Four years ago, the elite was once again forced to accept a constitution it didn't want. Now it is set to exploit the discussion on it's own wages to undo that document and reinforce the peculiarly Kenyan approach to democracy where the people are encouraged to turn out in large numbers once every five years to rubber stamp pre-determined electoral choices, and then are expected to essentially keep their opinions to themselves in the intervening periods. The illusion, if not exactly the reality, of participation.

Similar tactics were at play last week. On Thursday, President Uhuru Kenyatta delivered his annual address to a joint session of Parliament. The 46 minute speech mentioned the poor thrice: once while recognising that the expansion of VAT "may have been perceived" as hurting them, which he described "as a painful jab," and, twice when announcing "a social safety net programme ... to transfer [untold billions in] cash to the most vulnerable." Far from a jab, this was a sucker punch from a President who justifies the requisition of the resources of the poor and their concentration in the hands of the rich in the name of "funding development" while at the same time pledging fidelity to "the value of inclusion" defined as offering the poor vague promises of handouts.

(A day later, the President met with what were described representatives of the Kenyan Somali community to urge them to fight "terrorism" even as the police terrorized city districts with a significant population of ethnic Somalis, arresting hundreds, including Kenyan Somalis. Despite the harassment, isolation, demonizing and scapegoating of ethnic Somalis and Somali refugees that has been a characteristic of the Kenyatta administration's response to terror attacks, the President continued to pretend inclusion declaring "Muslims are in the center of my government.")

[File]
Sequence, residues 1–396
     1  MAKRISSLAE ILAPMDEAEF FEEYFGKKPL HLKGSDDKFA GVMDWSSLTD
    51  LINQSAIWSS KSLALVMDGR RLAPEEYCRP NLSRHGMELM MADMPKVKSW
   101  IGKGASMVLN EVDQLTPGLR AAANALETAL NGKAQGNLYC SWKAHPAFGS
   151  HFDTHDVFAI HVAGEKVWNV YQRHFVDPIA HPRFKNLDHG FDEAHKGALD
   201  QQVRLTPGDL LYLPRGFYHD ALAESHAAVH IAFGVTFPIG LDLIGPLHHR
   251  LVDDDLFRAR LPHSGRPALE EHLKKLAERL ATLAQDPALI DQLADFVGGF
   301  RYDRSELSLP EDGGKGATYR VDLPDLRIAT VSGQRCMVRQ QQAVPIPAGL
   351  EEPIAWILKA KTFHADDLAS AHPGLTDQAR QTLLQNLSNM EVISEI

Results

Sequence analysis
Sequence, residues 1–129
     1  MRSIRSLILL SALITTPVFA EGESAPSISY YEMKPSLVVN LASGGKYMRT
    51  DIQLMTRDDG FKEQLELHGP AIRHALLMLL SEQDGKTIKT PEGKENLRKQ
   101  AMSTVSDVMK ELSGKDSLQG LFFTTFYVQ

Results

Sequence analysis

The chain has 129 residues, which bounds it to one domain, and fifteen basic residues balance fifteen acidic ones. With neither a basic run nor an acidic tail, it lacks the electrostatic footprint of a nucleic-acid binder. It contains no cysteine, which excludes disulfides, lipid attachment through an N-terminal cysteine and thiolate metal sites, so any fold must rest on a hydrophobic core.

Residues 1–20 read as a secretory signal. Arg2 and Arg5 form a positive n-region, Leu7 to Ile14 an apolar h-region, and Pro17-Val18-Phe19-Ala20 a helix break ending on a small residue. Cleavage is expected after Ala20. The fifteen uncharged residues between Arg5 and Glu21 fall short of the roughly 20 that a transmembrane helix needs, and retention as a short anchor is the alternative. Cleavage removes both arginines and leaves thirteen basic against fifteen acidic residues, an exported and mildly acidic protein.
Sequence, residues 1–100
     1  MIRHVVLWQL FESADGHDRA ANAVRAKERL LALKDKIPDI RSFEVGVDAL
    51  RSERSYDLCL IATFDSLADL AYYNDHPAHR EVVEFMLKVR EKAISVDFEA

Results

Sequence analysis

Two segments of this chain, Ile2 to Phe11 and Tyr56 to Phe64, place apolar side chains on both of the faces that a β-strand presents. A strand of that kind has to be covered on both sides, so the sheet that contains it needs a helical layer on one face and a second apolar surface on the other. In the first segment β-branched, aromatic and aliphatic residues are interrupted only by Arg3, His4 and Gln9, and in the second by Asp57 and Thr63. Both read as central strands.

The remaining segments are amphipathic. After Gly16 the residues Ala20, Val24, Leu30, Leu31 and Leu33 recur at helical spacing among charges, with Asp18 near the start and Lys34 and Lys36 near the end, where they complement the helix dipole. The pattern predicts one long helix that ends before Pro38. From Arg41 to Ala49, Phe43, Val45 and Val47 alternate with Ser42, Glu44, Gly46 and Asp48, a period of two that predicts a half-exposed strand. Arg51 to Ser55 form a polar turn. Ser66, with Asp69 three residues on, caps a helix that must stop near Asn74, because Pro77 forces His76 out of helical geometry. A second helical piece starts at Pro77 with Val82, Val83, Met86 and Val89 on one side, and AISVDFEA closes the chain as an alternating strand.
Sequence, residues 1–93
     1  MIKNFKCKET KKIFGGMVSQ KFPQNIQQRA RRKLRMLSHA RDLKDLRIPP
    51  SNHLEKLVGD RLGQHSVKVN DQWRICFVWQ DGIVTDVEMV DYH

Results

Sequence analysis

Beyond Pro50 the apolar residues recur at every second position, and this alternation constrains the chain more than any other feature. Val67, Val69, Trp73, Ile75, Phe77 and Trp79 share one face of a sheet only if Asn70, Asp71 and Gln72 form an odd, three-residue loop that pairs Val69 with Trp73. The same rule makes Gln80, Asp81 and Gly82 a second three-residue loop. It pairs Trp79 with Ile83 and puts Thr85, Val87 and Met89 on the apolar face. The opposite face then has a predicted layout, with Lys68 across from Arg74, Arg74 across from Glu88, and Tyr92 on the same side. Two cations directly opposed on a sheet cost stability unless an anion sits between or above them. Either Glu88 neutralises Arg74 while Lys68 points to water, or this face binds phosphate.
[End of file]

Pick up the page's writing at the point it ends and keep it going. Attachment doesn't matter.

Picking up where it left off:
"Will the elite which has inherited power from the colonialists use that power to bring about the necessary social and economic changes or will they succumb to the lure of wealth, comfort and status and thereby become part of the Old Establishment," asked Mwai Kibaki in 1964. In fact, as the report of the Truth, Justice and Reconciliation Commission confirmed, and every Kenyan knew, the "Old Establishment" was never overthrown. The colonial state endured and the elites, who have always "encouraged Kenyans to think and act politically in a manner informed first and foremost by [tribe]," opted to hype ethnicity to crush demands for redistribution of resources from the centre while paying lip service to the ideal of unity.

Like that City Clock on Mama Ngina street, the wage bill debate is a monument to the deceptive methods that have been utilised by a few to retain power and privilege at the expense of the many. If the rest of us do not come together to call time on such mischief, it will not be long before we wake up to find that the clock has been turned back to a darker era.

Monday, March 03, 2014

From Russia With Love: Lessons For Kenya From The Ukraine Crisis

This week, Kenya will mark the first anniversary of the controversial elections that brought the Jubilee government into power. To many, those elections, and the manner  in which the country's affairs have been managed since, left a bitter taste in the mouth, and were a betrayal of the 2010 constitution and the more than two-decade long fight for political and economic justice.

On the other side of the world, in the Ukraine, a thieving tyrant has just been been deposed and a mobilization for war is under way. The events happening thousands of kilometers away in a part of the world few of us know about and even fewer have actually visited, carry important consequences and lessons for us here.

A very brief outline of events: Ukraine has seen off and on political crises and revolutions for close to a decade with the main sticking point being whether it will remain in Russia's sphere of influence or move westward.The country is ethnically divided and split down the middle on the issue. The current crisis was sparked by President Viktor Yanukovich's decision to abandon a trade agreement with the EU, and seek closer ties with Moscow. This precipitated three months of demonstrations in the capital, draconian anti-protest laws, occupation of government buildings and street clashes in which over a hundred demonstrators died. At the end of it all, Yanukovich had been stripped of the Presidency and had fled to Russian, a new pro-Western government had been formed and Russian troops had invaded the province of Crimea amid talk of, and mobilization for, war.